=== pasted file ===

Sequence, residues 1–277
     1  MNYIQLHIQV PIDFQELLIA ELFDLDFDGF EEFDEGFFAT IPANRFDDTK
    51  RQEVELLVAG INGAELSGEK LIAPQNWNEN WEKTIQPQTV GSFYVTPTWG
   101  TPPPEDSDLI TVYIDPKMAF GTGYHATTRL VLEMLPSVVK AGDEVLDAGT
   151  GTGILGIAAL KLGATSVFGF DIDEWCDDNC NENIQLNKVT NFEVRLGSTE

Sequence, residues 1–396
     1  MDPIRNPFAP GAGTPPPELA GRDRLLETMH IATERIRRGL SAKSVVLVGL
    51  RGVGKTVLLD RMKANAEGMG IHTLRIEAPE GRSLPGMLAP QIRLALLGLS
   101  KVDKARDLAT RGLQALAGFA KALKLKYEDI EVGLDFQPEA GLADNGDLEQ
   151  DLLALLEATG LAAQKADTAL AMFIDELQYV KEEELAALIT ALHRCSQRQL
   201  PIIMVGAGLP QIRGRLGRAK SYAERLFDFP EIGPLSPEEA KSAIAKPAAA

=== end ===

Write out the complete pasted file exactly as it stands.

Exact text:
Sequence, residues 1–277
     1  MNYIQLHIQV PIDFQELLIA ELFDLDFDGF EEFDEGFFAT IPANRFDDTK
    51  RQEVELLVAG INGAELSGEK LIAPQNWNEN WEKTIQPQTV GSFYVTPTWG
   101  TPPPEDSDLI TVYIDPKMAF GTGYHATTRL VLEMLPSVVK AGDEVLDAGT
   151  GTGILGIAAL KLGATSVFGF DIDEWCDDNC NENIQLNKVT NFEVRLGSTE

Sequence, residues 1–396
     1  MDPIRNPFAP GAGTPPPELA GRDRLLETMH IATERIRRGL SAKSVVLVGL
    51  RGVGKTVLLD RMKANAEGMG IHTLRIEAPE GRSLPGMLAP QIRLALLGLS
   101  KVDKARDLAT RGLQALAGFA KALKLKYEDI EVGLDFQPEA GLADNGDLEQ
   151  DLLALLEATG LAAQKADTAL AMFIDELQYV KEEELAALIT ALHRCSQRQL
   201  PIIMVGAGLP QIRGRLGRAK SYAERLFDFP EIGPLSPEEA KSAIAKPAAA